How a pair of Torontonians took their love of country modern to the next level with this Prince Edward County retreat
After taking regular trips to Prince Edward County to visit friends, Kristine Remedios and John Silva, a pair of Toronto professionals, decided to find a retreat of their own. After a search that saw them driving down country lanes, they stumbled on a six-acre site at its eastern edge with a dilapidated barn and farmhouse. Despite the condition of the existing structures, the site was perfect: it was a rural idyll, with slight elevation changes and stands of trees to provide some privacy.
The couple brought in architect Nova Tayona. And while a tour of the site made it clear the farmhouse couldn’t be saved, it did provide inspiration. It was unusually tall, with high ceilings and windows that afforded expansive views of the surrounding pasture and farmland. Their recent trip to Fogo Island also saw them fall in love with the gabled stick-framed homes typical of Atlantic Canada. The new farmhouse would reference both, marrying rural Ontario and Newfoundland aesthetics, albeit with a contemporary finish and feel. “They wanted the memory of the old farmhouse, but something more modern and intimate,” says Tayona.
Two centuries after the original farmhouse was built, a second one, consisting of two volumes, went up in its place. Designed in an L-shape, the larger section echoes its predecessor, rising up 2.5 storeys and topped with a loft-like space that overlooks the countryside. A wing off the kitchen and dining area serves as a living room and screened porch, and has broad north-east-facing windows that look on to the barn which, unlike the farmhouse, was rescued.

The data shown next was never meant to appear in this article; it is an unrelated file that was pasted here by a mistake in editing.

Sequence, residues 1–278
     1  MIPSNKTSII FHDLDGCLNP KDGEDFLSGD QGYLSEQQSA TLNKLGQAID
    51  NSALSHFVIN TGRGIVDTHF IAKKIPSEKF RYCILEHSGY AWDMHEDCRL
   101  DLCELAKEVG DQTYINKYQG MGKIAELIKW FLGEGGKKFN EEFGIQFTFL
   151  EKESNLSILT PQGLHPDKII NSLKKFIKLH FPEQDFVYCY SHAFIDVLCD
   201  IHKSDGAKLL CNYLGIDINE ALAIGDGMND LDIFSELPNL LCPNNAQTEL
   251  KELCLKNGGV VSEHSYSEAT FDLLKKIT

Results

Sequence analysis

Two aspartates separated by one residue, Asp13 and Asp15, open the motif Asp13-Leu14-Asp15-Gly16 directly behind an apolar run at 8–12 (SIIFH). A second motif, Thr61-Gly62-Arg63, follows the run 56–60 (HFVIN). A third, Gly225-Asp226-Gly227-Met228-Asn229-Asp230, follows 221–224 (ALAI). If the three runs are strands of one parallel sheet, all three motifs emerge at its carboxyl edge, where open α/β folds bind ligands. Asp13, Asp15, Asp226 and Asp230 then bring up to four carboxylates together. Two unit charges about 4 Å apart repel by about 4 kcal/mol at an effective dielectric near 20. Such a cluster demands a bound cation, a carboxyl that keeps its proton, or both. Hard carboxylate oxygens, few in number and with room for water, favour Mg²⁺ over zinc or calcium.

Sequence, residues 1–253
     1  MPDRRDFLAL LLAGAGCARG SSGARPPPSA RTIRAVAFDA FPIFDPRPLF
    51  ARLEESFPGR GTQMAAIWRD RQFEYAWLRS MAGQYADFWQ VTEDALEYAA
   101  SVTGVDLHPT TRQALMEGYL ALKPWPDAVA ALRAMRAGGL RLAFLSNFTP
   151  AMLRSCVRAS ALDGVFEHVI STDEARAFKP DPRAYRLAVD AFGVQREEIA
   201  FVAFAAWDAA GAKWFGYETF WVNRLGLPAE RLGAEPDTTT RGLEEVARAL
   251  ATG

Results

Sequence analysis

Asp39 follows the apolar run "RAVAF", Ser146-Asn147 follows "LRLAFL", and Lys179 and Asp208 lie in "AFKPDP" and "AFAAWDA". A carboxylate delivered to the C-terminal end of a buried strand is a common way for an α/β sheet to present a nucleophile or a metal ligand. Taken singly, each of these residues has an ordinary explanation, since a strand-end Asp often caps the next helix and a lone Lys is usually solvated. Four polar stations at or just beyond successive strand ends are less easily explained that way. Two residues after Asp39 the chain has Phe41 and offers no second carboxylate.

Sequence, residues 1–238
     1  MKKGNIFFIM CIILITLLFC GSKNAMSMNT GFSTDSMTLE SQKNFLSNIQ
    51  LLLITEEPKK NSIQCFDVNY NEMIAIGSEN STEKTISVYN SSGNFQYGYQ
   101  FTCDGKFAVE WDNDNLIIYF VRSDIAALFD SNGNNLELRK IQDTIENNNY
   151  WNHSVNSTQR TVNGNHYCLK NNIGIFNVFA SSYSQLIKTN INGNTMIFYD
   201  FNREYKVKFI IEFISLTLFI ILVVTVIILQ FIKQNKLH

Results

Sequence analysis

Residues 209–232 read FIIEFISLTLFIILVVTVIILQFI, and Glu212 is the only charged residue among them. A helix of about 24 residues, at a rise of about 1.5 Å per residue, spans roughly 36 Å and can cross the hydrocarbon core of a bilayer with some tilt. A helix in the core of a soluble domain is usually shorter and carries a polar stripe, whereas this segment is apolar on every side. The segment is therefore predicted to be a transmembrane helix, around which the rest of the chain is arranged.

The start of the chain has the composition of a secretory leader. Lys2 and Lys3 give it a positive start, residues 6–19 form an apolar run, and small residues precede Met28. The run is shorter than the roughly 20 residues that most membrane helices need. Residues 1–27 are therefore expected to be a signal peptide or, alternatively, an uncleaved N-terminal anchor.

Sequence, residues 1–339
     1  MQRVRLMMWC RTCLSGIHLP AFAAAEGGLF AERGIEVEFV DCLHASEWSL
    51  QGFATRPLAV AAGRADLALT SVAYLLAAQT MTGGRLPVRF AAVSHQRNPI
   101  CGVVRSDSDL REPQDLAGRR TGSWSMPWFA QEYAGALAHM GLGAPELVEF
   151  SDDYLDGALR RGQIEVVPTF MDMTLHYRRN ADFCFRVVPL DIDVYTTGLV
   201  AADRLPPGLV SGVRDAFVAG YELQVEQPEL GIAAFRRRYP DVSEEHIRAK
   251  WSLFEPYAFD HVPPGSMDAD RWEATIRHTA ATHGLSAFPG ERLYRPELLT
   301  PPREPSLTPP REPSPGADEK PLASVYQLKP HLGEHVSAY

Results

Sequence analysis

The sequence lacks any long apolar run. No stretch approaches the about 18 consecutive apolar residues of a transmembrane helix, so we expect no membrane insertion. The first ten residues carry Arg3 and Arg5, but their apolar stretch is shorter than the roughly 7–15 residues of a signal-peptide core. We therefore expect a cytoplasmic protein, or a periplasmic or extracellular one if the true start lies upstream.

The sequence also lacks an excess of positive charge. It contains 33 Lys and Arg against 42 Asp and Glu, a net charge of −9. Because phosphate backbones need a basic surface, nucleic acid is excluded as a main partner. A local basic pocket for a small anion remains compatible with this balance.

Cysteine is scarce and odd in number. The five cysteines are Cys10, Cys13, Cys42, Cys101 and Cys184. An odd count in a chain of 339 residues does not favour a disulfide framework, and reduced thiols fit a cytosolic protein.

And like many of Ontario’s loyalist-era homes and barns, Silva and Remedios would build it themselves – well, they built a substantial amount of it. A local contractor, Matt Morey, handled the exterior, including the framing and envelope. But much of the interior, including pouring and polishing the concrete floors, electrical, kitchen installation and tilework, was left to them (Tayona usually doesn’t agree to such extensive DIY, but was already familiar with Remedios and Silva’s above-average skills). They would take more than inspiration from the original homestead for their modern farmhouse, as well. Floorboards were salvaged, painted white and re-used throughout, while the original floor joists were re-purposed as roof trusses in the home’s wing. Minimally adorned and with a palette defined by white, grey and blonde hardwood, it speaks to the original homestead – even if it does have a flair for the modern. NOVATAYONAARCHITECTS.COM